- Vertere Phono One MkII: 1.748,00 EUR
- Vertere Mystic MC: 3.448,00 EUR
- Vertere REDLINE Phono Cable: 848,00 EUR / 1,15 m
- Vertere REDLINE Power Cable: 858,00 EUR / 2m
Manufacturer: VERTERE ACOUSTICS
Technical specifications (according to the manufacturer):
- Type: Belt drive
- Motor: 24 Pole Synchronous; Acetal Spindle Thrust Bearing
- Motor Mount: Axially De-coupled
- Pulley: Super Precision Aluminum Alloy
- Drive Belt: Bespoke Silicone Rubber
- Platter DG-1: Precision Machined Aluminum Alloy; PETG Bonded Record Interface Mat; Underside Bonded Resonance Control Disc and Bonded Protective Cork/Neoprene/Nitrile Disc
- Bearing Spindle DG-1: Non-Magnetic Stainless Steel Super Precision Machined and Polished
- Roundness / Concentricity: < 5 Microns
- Bearing Housing: Brass; Super Precision Machined; Bore Tolerance < 5 Microns; Super Precision Tungsten Carbide Ball
- Plinth Structure: 3 Layer Cast Acrylic; Middle Clear Plinth, Internally Illuminated
- Isolation System: 6 Point, Bespoke Silicone Rubber
- Support Structure: Black Coated Zintec Steel Chassis; Three Adjustable Feet with Resistive Felt
- Motor Drive: Advanced Microprocessor Controlled; Fully Programmable with Motor Noise Reduction; Bridged Balanced Motor; Output Amplifiers
- Speeds: 33.3 and 45 rpm (+/- 0.2%); Electronically Selectable
- Dust Cover: Bespoke Formed Tinted Polycarbonate
- Dimensions (W x D x H): 457 x 381 x 127 mm (including dust cover)
- Power Supply: Wall Adaptor Type; UK, US, EU, and AUS Exchangeable Plugs; 100 – 240 Vac with 1.5m Cord
- Finishes: Black and white gloss
- Weight: 7,7 kg netto
Groove Runner Tonearm
- Type: Fixed Axis Bearing
- Effective Length: 9″
- Overhang: 17.5mm
- Offset Angle: 22.9°
- Bearing Structure: One Twisted Nylon 6.6/6 Thread – Horizontal Motion; Two High Strength Kevlar Threads – Vertical Motion
- Counterweight: Stainless Steel With Fine Azimuth Adjustable Screw
- Front Beam Small Weight: Stainless Steel Block; Fine Tracking Weight and Arm/Cartridge Resonance Tuning
- Internal Wiring: Gold Plated Flexible PCB with Vertere Gold Plated Cartridge Tags; One Piece from Cartridge To Output; RCA Sockets
- Weight: 310g
Mystic MC cartridge
- Type: Moving Coil Phono Cartridge
- Mounting: M2.5 Threaded Holes; Special Tri-Point Contact
- Output Level: 0.5mV
- Frequency Response: 10 Hz -40 kHz
- Coil Impedance (per Channel): 40Ω
- Recommended Load: 680 Ω – 1k5 Ω; 220pF – 470 pF
- Channel Balance: Better than 1.0 dB
- Recommended Tracking Weight: 2.0g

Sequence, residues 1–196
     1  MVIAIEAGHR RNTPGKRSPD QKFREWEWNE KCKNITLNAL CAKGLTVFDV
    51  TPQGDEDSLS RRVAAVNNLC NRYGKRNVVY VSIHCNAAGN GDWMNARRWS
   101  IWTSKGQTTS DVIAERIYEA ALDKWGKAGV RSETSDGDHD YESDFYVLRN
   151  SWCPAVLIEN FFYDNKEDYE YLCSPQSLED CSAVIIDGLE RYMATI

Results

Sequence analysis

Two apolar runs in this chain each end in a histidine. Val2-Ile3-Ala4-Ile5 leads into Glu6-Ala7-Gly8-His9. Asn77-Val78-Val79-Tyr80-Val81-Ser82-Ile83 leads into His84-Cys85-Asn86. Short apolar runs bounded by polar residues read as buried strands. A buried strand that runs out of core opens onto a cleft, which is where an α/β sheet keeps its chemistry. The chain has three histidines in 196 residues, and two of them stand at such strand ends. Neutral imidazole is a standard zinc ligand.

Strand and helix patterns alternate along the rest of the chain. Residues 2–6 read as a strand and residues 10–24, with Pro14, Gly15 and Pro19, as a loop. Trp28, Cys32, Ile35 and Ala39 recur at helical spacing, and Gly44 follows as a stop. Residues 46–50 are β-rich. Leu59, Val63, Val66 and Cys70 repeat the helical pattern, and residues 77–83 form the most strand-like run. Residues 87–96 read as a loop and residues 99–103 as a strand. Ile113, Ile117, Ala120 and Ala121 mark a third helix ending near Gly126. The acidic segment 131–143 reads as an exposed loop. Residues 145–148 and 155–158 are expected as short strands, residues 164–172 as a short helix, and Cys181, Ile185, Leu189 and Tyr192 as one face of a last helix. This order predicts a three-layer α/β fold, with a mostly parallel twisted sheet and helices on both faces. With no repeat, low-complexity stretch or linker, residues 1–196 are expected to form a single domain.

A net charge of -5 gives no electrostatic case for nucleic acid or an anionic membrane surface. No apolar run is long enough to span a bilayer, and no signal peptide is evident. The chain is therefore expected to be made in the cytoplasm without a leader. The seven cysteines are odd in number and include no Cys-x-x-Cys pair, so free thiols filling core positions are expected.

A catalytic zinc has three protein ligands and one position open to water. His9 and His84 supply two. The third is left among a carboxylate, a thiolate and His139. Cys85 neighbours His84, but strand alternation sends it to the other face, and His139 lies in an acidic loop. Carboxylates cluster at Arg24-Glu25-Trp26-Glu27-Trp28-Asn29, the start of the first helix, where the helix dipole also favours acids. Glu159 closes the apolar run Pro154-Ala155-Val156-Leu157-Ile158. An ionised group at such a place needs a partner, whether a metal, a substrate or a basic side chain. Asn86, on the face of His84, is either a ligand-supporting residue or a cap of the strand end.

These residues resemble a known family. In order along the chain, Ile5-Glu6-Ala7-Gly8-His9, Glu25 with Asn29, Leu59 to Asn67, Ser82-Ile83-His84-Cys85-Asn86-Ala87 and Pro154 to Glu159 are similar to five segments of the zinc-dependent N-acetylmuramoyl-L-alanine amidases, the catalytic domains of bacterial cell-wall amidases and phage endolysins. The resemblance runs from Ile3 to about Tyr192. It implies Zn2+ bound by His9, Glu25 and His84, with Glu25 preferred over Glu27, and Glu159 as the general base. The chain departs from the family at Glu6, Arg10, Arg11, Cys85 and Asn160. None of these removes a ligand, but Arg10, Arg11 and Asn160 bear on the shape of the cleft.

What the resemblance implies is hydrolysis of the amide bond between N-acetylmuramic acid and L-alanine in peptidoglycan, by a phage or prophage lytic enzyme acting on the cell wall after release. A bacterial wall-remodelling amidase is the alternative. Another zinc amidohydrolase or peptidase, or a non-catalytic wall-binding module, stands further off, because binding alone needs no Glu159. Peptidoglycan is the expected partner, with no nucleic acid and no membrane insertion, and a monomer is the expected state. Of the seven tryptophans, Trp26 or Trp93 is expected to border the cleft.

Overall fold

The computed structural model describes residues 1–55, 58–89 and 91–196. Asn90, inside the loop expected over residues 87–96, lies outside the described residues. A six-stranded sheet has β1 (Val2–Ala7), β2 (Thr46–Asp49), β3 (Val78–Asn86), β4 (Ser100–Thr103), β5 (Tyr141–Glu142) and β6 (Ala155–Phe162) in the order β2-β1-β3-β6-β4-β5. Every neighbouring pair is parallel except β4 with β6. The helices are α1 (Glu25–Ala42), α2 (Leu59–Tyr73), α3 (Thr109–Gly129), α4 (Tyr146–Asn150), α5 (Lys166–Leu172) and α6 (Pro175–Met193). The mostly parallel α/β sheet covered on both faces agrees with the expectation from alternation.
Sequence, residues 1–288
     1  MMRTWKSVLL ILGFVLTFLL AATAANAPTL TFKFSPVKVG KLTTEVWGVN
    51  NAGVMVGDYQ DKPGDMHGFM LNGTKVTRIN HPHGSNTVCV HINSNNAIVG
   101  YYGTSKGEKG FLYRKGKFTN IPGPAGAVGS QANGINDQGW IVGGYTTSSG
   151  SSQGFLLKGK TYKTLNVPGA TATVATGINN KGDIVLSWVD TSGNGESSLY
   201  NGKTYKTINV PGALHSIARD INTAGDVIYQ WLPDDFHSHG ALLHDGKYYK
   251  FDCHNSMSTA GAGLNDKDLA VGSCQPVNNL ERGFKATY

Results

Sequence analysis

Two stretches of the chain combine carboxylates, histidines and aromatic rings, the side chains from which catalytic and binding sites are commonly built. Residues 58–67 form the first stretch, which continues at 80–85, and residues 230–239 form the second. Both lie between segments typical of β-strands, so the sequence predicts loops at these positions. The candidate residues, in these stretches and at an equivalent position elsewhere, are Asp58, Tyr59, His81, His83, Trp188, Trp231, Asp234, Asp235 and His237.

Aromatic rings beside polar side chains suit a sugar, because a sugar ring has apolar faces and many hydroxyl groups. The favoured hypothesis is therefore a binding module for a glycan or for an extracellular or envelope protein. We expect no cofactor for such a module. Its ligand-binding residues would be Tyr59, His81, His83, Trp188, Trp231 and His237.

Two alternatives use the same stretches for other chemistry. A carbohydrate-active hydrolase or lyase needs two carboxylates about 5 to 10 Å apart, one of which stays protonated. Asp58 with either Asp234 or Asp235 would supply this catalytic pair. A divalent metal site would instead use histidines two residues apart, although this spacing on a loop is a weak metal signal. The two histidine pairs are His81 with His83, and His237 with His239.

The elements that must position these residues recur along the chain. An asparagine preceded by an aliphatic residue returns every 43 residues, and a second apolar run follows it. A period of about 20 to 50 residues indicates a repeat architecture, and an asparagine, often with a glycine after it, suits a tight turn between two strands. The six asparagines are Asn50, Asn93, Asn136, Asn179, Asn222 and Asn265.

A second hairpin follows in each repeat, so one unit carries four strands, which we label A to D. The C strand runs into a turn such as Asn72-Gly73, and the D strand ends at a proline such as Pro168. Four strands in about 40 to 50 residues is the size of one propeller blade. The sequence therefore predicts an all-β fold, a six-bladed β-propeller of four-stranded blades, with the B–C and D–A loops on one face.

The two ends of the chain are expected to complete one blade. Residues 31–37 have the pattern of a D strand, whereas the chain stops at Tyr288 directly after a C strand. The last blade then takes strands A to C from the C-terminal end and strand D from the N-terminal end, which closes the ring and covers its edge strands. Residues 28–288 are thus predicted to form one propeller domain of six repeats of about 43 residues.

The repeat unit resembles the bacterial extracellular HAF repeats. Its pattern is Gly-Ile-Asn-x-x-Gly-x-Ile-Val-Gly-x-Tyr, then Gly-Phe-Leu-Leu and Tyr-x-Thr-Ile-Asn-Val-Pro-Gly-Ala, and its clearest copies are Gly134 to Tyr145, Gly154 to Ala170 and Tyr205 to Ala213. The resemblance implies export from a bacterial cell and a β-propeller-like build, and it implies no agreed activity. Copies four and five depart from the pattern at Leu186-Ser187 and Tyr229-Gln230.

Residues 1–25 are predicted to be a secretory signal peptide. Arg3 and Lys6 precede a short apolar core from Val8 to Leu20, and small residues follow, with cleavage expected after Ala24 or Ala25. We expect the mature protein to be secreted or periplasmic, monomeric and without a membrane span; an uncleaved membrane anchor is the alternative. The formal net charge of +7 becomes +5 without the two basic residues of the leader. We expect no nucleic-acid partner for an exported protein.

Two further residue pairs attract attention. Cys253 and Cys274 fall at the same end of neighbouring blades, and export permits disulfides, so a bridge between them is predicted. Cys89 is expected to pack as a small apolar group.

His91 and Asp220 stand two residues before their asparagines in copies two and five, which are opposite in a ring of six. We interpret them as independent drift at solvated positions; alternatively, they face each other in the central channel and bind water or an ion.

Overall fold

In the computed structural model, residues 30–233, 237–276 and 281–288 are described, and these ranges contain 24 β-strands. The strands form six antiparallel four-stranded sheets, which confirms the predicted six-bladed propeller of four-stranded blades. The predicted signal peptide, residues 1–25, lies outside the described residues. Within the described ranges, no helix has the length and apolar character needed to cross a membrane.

- Cantilever: Aluminum Tube
- Stylus: Micro Elliptical Diamond
- Weight: 9.1g
Phono One MkII
- Type: MC/MM Preamplifier Main Phono Circuit on Separate Gold-Plated PCB
- Power Supply: Linear, Int. Switchable Transformer on Separate Gold-Plated PCB
- Gain Settings: 40.2dB to 62.8dB In 12 Steps; High Gain version – Add 6.4dB to all settings
- Input Impedance Settings: 47k for MM; 78R to 47K for MC – in 14 Steps
- Capacitance: 100pF & 470pF for MM, 100pF to 1.02uF for MC – In 9 Steps
- Frequency Response: 20Hz – 20kHz
- Noise: +/- 0.2dB; < -78dB – AWD
- THD-N: 0.03%
- Finish Front Panel Options: Vertere Orange, Silver, Black
- Dimensions W x D x H (Incl. Switches & Feet): 210 x 235 x 55mm
- Weight: 2 kg
- Digital source: a custom passive server with WIN10, Roon, Fidelizer Pro 7.10, JCAT NET XE, and JCAT USB XE cards with FERRUM HYPSOS Signature power supply, KECES P8 (mono) linear power supply for the server, JCAT USB Isolator
- D/A Converter: LampizatOr Pacific 2 +Ideon Audio 3R Master Time (USB signal regenerator)
- Analog front end: J.Sikora Standard MAX turntable, J.Sikora KV12 tonearm, J.Sikora KV12 MAX tonearm, AirTight PC-3, phono stages: Grandinote Celio MK IV, ESE Lab Nibiru V 5.
- Power amplifiers: GrandiNote Shinai, Circle Labs M200, Art Audio Symphony II (modified)
- Preamplifier: Circle Labs P300
- Loudspeakers: GrandiNote MACH4, Ubiq Audio Model ONE Duelund Edition.
- Interconnects: Bastanis Imperial x2, Soyaton Benchmark, Hijiri Million, Hijiri HCI-20, TelluriumQ Ultra Black, KBL Sound Himalaya II XLR, David Laboga Expression Emerald USB, David Laboga Digital Sound Wave Sapphire Ethernet
- Speaker cables: Soyaton Benchmark
- Power cables: LessLoss DFPC Signature, Gigawatt LC-3
- Power: Gigawatt PF-2 MK2 and Gigawatt PC-3 SE Evo+; a custom power line with Gigawatt LC-Y in-wall cable; Gigawatt G-044 Schuko and Furutech FT-SWS-D (R)
- Network: Silent Angel Bonn N8 + Silent Angel Forester F1 + optical LAN isolator
- Racks: Base VI, Rogoz Audio 3RP3/BBS
- Anti-vibration accessories: ROGOZ-AUDIO SMO40 and CPPB16 platforms and ROGOZ AUDIO BW40MKII feet, Franc Accessories Ceramic Disc Slim Feet and Wood Block Platform, Graphite Audio CIS-35 and IC-35